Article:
Updated:BREVARD COUNTY, Fla. —
Brevard County is trying to figure out how to deal with a very costly problem.
Hurricane Sandy did millions of dollars in damage to the beaches, and the Federal Emergency Management Agency is refusing to help. WFTV reporter Melonie Holt
learned the county is running out of options.
Months after Sandy blew by Brevard's 72 miles of coastline, the damage is still evident.
"It's perilous right now. We're one storm away from losing the house," said resident Dan Fabyan.
Fabyan's home sits in the South Melbourne Beach area. It's one of two areas the county said it hoped to reach with FEMA funds. But the county said the agency recently rejected an appeal for assistance.
"It's sporadic. Some areas lost a foot or two. We lost close to 30 feet here," said Fabyan.
Hurricane Sandy did an estimated $25 million in damage to the coastline.
Brevard County commissioner Trudie Infantini said the county must balance public and private interests. She said many taxpayers don't want to see any investment in sand dunes washed out to sea.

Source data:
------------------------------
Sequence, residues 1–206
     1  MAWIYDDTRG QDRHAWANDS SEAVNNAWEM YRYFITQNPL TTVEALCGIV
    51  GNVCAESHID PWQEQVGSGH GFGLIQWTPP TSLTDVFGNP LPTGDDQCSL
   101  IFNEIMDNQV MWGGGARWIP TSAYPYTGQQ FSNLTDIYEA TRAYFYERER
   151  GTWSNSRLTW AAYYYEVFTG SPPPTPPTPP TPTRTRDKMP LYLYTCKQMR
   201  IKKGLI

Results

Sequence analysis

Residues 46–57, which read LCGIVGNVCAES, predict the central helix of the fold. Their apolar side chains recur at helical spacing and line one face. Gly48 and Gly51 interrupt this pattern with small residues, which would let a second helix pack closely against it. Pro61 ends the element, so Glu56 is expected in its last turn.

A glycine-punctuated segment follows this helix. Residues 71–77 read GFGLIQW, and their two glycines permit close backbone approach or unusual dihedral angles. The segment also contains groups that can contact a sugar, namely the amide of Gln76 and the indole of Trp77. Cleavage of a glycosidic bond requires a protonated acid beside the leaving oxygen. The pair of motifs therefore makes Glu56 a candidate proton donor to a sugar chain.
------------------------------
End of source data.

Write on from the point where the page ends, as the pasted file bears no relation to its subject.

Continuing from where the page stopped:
"For those who resent tax dollars being spent on the beach, look at the flood-control ditches there to keep your house from reverting to the Everglades. There's no difference," said Fabyan.
There are also tourism and ecological interests.
Some of the ideas being floated now include grant requests, use of tourism development
dollars or even tapping general funds to replace 100,000 cubic yards of sand.
David Hochberg, of the Sea Turtle Preservation Society, said some areas of the beach have shown improvement on their own, while other areas have not. For the turtles, that can mean life or death.
"If there's no beach to nest in, they have to turn around and have to turn back around and try to find another spot," said Hochberg.
The Brevard County Commission will be presented with options during its meeting Tuesday.